Graphene has exhibited better qualities as a bullet proof material in comparison to Kevlar or steel in an experiment carried out by researchers at Rice University and the University of Massachusetts. According to a research paper published in journal Science, graphene is twice better compared to Kevlar. The research team found graphene with amazing qualities as it is highly flexible and light. Only issue with graphene is brittleness of its sheets.
While carrying out small-scale ballistics tests, University of Massachusetts Department of Mechanical and Industrial Engineering researcher Jae-Hwang Lee and his team found that graphene has better impact absorbing qualities. Graphene is thinner, flexible and strong material made from single atom sheets arranged in honeycomb structure.
Researchers concluded that graphene could be used as an important material for life saving bulletproof vests after overcoming certain limitations.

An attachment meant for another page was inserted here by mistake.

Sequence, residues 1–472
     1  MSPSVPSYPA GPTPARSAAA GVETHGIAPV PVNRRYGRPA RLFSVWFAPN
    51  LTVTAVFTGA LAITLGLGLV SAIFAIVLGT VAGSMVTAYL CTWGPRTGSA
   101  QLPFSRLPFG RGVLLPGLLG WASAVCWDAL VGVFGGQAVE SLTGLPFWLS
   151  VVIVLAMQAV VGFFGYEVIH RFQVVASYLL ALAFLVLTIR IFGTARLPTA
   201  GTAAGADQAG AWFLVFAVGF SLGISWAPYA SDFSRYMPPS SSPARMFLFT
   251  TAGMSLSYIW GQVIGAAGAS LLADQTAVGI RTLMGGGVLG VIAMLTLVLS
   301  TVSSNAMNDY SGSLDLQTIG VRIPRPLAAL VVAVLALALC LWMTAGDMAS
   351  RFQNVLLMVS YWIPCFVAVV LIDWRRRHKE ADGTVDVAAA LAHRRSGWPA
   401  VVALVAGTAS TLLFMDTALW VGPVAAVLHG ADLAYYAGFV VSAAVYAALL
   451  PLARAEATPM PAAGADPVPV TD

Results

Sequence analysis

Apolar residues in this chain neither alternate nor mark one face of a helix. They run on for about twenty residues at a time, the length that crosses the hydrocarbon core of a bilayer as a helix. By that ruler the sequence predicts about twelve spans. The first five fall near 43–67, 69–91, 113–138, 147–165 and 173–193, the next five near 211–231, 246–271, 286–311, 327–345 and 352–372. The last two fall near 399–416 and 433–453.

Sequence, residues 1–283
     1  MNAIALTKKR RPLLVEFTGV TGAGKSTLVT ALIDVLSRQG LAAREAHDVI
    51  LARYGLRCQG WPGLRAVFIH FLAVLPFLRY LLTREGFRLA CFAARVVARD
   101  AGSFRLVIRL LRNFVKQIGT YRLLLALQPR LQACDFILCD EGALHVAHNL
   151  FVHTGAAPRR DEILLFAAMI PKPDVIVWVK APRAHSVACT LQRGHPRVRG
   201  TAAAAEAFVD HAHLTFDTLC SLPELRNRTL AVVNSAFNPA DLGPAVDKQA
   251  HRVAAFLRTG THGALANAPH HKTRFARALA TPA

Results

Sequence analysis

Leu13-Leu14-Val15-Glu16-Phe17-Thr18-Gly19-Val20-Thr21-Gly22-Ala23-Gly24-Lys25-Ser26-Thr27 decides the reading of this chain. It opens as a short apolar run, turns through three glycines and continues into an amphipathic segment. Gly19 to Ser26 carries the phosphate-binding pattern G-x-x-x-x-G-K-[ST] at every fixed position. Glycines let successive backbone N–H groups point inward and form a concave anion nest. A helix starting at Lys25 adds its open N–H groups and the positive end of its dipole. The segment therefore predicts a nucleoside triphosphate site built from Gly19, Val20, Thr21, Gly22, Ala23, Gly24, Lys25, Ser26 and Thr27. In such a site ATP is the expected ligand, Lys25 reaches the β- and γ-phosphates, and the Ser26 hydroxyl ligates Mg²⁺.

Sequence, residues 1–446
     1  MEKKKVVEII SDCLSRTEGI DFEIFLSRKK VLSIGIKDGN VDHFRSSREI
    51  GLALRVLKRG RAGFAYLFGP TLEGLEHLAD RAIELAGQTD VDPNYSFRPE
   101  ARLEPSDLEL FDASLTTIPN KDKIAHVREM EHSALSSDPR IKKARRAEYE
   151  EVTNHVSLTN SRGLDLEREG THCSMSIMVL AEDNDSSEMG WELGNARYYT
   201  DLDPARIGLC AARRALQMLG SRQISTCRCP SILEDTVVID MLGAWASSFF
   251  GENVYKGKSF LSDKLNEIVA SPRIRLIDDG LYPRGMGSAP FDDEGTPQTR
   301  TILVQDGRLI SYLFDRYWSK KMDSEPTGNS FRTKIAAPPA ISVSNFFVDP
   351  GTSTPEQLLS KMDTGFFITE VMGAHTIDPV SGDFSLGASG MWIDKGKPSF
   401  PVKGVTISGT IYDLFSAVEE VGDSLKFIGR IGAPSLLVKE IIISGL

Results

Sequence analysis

Scientists at Rice University fired micro-bullets at graphene sheet at supersonic speed. The experiment is first of its kind to check strength of graphene as armour and security material. Graphene was found to have ten times better impact absorption ability compared to steel.
The micron-sized glass bullets were fired at a speed of 6,700 mph. However, the impact hole was larger in size in graphene sheet. BBC News online science editor Paul Rincon said, “Observations using an electron microscope revealed that graphene dissipates energy by stretching into a cone shape and then cracking in various directions.”
The impact of micro-bullets on graphene was on a wider area, similar to the impact on trampoline when someone jumps. Graphene was found two times better in comparison to Kevlar and 10 times better than steel.
Graphene has been termed as game-changer for the electronics industry. Use of graphene could change the electronic circuits and equipments in various categories of products in near future. Many companies and universities are carrying out extensive research on commercial production and use of graphene in electronics.